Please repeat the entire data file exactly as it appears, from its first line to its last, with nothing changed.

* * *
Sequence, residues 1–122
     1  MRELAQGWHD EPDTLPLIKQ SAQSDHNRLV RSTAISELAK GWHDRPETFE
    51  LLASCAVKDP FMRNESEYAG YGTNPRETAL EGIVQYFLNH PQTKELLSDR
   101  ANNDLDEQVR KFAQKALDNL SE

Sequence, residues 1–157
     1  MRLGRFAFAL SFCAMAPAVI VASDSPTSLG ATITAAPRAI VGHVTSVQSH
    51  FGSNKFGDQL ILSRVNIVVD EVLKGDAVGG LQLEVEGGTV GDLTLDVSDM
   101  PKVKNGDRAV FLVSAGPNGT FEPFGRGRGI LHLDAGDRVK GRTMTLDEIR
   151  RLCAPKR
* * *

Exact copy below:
Sequence, residues 1–122
     1  MRELAQGWHD EPDTLPLIKQ SAQSDHNRLV RSTAISELAK GWHDRPETFE
    51  LLASCAVKDP FMRNESEYAG YGTNPRETAL EGIVQYFLNH PQTKELLSDR
   101  ANNDLDEQVR KFAQKALDNL SE

Sequence, residues 1–157
     1  MRLGRFAFAL SFCAMAPAVI VASDSPTSLG ATITAAPRAI VGHVTSVQSH
    51  FGSNKFGDQL ILSRVNIVVD EVLKGDAVGG LQLEVEGGTV GDLTLDVSDM
   101  PKVKNGDRAV FLVSAGPNGT FEPFGRGRGI LHLDAGDRVK GRTMTLDEIR
   151  RLCAPKR